Higher budget forecasts were announced Friday along with predictions that budget surpluses may enable funds to be appropriated to K-12 education. However, “sand dune” like conditions will likely slow economic growth, causing legislators to warn that cuts to those programs will still be deep as a one-time infusion of cash is spread out over several budget years.
“It was nice to hear there is light at the end of the tunnel,” Sen. Pat Steadman, D-Denver, told the Colorado Independent. “However, taking a longer range view, we have a long ways to go before we are out of the woods.”
Under Senate Bill 11-156, $386 million of an estimated $447.1 million surplus projected by the Legislative Council will be transferred June 30 to the state education fund to help prop up school districts. Still, Steadman said the Joint Budget Committee will likely take the long-term approach and use that money over multiple years due to future budget gap expectations. He said the money should be broken up and spread out over at least the next couple of fiscal years. The surplus came about not only as the result of legislative budget fixes but through a projected influx of $161.3 million dollars in state revenue. Both the Legislative Council and the Governor’s Office said at least part of that increase was due to a one-time, late tax payment of nearly $50 million.
“That short-term money going into the education fund June 30 really needs to bridge the gap, or help us address shortfall, over the next couple of fiscal years.” Steadman said. “It is not like that can offset all of the cuts proposed. This is really one-time funding, and we have a more structural problem that goes over several fiscal years.”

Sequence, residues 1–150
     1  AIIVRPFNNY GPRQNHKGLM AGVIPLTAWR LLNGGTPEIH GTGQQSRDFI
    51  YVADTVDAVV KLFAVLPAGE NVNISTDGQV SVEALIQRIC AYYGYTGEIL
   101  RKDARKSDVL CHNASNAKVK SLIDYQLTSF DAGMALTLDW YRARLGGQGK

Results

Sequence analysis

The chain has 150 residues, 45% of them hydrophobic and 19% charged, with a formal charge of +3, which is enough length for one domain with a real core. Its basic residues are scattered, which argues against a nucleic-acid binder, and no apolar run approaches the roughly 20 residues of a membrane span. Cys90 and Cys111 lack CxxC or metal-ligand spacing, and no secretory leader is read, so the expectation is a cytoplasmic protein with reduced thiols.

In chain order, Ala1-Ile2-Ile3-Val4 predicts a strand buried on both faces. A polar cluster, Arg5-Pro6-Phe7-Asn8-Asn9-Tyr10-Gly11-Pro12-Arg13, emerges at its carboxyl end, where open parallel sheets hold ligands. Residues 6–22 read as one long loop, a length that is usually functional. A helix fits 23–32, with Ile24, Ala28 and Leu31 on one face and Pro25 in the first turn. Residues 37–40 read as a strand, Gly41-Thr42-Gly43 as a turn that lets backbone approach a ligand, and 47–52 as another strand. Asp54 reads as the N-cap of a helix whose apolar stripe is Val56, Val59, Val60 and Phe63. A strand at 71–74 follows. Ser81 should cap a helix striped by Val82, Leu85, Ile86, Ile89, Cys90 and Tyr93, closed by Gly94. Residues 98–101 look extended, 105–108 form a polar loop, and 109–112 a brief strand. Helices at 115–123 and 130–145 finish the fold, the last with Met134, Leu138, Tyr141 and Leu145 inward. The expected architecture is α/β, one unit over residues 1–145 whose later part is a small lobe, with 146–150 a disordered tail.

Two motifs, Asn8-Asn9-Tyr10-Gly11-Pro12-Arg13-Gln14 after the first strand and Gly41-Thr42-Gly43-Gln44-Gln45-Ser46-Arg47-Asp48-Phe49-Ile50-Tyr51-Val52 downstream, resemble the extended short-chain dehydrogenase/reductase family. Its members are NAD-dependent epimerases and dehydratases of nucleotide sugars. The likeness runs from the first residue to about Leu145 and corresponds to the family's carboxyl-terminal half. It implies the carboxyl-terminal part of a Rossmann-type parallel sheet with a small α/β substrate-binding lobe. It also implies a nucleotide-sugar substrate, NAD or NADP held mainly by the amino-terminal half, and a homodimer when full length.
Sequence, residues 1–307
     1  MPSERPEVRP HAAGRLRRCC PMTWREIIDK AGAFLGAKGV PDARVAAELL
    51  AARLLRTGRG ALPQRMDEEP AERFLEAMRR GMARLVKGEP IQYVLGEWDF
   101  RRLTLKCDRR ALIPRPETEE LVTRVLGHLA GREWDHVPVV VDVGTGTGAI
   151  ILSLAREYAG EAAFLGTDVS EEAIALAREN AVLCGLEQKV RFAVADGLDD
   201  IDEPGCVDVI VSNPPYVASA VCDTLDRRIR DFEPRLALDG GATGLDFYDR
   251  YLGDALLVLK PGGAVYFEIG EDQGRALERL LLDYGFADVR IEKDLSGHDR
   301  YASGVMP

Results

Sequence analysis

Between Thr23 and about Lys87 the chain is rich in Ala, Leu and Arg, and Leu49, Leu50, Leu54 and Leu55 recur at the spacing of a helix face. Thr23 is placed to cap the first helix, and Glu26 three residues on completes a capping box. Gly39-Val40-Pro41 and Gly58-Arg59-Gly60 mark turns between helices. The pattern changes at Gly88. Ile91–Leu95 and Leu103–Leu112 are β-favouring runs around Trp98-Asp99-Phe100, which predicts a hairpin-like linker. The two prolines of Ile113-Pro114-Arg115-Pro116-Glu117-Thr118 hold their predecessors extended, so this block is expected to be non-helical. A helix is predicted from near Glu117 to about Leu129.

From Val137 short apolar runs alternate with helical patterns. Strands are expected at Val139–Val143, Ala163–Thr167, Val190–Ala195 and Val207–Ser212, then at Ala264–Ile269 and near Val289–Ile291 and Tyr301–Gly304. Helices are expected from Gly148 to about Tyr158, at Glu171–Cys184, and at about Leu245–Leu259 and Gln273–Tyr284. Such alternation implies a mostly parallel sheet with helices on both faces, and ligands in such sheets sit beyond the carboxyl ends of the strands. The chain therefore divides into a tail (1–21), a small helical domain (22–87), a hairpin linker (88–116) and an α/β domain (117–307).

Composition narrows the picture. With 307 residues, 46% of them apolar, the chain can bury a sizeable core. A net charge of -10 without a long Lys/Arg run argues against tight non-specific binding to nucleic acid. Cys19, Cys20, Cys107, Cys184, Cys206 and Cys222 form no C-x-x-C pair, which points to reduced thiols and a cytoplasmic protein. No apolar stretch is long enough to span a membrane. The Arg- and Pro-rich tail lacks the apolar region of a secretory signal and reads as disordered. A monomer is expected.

Revenue forecasts by both the Governor’s Office and the Legislative Council projected better than previously expected revenues, but cautioned the ongoing Japanese disaster, rising costs of goods, and social unrest in the Middle East were potential speed bumps in Colorado’s economy. Economists further see the Colorado economy constrained by high unemployment, consumer debt and energy prices.
The Colorado Legislative Council’s chief economist, Natalie Mullis, painted a picture of an economy hiking a sand dune, where each step slips a little backward.
She said Council staff predict a decreased budget gap of $601.7 million for fiscal year 2011-2012 after it had projected a $1 billion shortfall earlier. She further augmented that number by explaining that after changes to inflation, the addition of the education fund transfer and increases in mandatory expenditures for caseload growth were accounted for the gap shrinks to $450 million.
The Governor’s Office, while not predicting as rosy a figure, was not far off from the Legislative Council’s prediction.
“The forecast indicates that Colorado’s economy is expected to continue to grow,” Henry Sobanet, executive director for the Governor’s Office of State Planning and Budgeting said. “However, global conditions such as the earthquake in Japan, rising food and energy prices and political unrest in the Middle East create heightened risks for unfavorable economic conditions in the coming months. We are continuing to monitor all economic indicators.”
Both the Governor’s Office and Legislative Council cautioned that the influx of $161.3 million dollars in state revenue was not sustainable and that multiple strong budget years will be required to put Colorado on firm footing.
“Because we believe much of this increase is from one-time sources from capital gains and higher profits, these funds may mitigate some budget cuts but a lot of tough work remains to close our structural gap.” Sobanet said. “Gov. Hickenlooper’s first choice for scaling back reductions would be in K-12 education.”
Factors constraining economic growth were further described by economists of both staffs.
Jason Schrock, chief economist for the Governor’s Office of State Planning and Budgeting, told the committee that increases in the cost of goods would likely dampen a strong manufacturing sector and limit the purchasing power of individuals and business.
Further fears were addressed by Kate Watkins of the Legislative Council, who described an economy healing but still on crutches.
“A growing economy that is being restrained by high levels of unemployment and debt is putting a drag on consumers’ ability to get out and spend,” Watkins said. “High unemployment is keeping wages and salary growth low due to high competition for jobs. Coupled with with high debt levels, the unemployed, over-leveraged and underpaid consumer has the economy on its feet, but it is not moving very fast.”